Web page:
If new hardware is installed, you might end up with huge amounts of remaining data on the old hard drives. Especially for companies, these contents might be highly sensitive and should not stay on these drives. With the necessary knowledge and enough time, most data could possibly be restored, if you merely delete it. We found an interesting article about cleaning hard drives before throwing them away. Of course this hard drive cleaning can also be done to re-use hard drives.
1. wiping software
There are several wiping software products. Some of them are freeware and save costs. The disadvantage: It is not possible to use such software on broken hardware and if you are able to use it, it takes time, because the hard drive will be overwritten with lots of “useless” data and information several times. Read the instruction carefully and make sure you have backups of everything you want to keep. If the software is running, the content on the drive can not be recovered.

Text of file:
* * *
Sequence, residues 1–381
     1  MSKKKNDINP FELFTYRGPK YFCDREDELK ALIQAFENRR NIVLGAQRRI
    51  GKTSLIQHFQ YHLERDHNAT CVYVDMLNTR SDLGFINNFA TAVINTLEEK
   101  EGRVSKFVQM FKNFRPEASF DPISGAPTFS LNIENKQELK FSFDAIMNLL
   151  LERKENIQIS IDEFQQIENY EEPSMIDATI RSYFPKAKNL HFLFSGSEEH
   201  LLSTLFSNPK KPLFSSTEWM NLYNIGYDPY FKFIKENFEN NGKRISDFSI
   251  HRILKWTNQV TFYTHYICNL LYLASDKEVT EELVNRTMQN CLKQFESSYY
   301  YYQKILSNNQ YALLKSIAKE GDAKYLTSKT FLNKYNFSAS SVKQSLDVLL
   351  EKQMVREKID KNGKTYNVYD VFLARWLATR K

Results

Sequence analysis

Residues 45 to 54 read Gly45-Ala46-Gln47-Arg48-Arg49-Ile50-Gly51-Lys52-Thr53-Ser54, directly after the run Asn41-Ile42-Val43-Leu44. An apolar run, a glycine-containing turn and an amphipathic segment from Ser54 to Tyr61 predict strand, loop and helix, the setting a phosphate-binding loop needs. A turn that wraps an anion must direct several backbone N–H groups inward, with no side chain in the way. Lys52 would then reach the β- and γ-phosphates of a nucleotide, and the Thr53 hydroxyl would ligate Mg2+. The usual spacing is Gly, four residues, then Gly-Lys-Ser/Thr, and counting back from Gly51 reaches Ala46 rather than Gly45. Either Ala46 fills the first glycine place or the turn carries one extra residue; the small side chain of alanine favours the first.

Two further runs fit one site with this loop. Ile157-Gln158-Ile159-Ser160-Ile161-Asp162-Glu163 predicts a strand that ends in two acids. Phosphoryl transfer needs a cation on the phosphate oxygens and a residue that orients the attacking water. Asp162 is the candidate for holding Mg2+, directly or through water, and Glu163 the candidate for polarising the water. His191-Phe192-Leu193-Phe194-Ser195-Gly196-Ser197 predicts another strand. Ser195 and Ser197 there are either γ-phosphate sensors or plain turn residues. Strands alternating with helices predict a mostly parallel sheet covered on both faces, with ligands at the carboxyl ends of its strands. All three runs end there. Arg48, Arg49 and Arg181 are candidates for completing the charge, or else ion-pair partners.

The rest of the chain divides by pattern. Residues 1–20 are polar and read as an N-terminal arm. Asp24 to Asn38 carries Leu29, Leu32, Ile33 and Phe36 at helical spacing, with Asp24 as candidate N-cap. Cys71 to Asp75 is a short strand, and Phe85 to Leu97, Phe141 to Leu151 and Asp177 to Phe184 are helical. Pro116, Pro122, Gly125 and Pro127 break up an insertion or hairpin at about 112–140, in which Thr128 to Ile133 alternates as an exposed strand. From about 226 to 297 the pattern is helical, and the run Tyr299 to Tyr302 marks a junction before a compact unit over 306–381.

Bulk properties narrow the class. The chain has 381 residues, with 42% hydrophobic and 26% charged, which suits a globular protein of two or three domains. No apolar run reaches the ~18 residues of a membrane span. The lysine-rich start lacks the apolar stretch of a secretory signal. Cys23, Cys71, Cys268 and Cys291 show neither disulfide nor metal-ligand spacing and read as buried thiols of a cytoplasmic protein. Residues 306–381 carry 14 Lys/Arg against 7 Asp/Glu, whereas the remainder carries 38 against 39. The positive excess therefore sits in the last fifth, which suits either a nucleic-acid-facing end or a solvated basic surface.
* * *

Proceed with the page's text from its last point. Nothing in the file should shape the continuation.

There are also hardware tools you could use. These products are more expensive than the software solutions, but they clean faster and need no extra computer which cleans the hard drive for hours.
3. Physical violence.
With a hammer, a long nail and eye protection a hard drive can also be destroyed. Especially if not only the disks but also the reading heads are physically destroyed.
1. The easiest way to erase solid-state drives is to use the products released by the manufacturers. SanDisk, Corsair, Intel and many more offer tools on their websites.
2. The second way is to use a strong encryption. Without the correct decrypting key no one will ever get the data back. After encrypting all data the drive can be just formatted.
3. Violence. Again. The “hammer trick” will also work on SSDs. Due to the physical characteristics of the SSD it is recommended to remove the drive cover. Only with an opened cover all flash storage chips of the SSD can be destroyed.
Please note: The “hammer trick” will successfully prevent the re-use of hard drives and is recommended for already broken devices only.
Read the full article on ZDnet.com.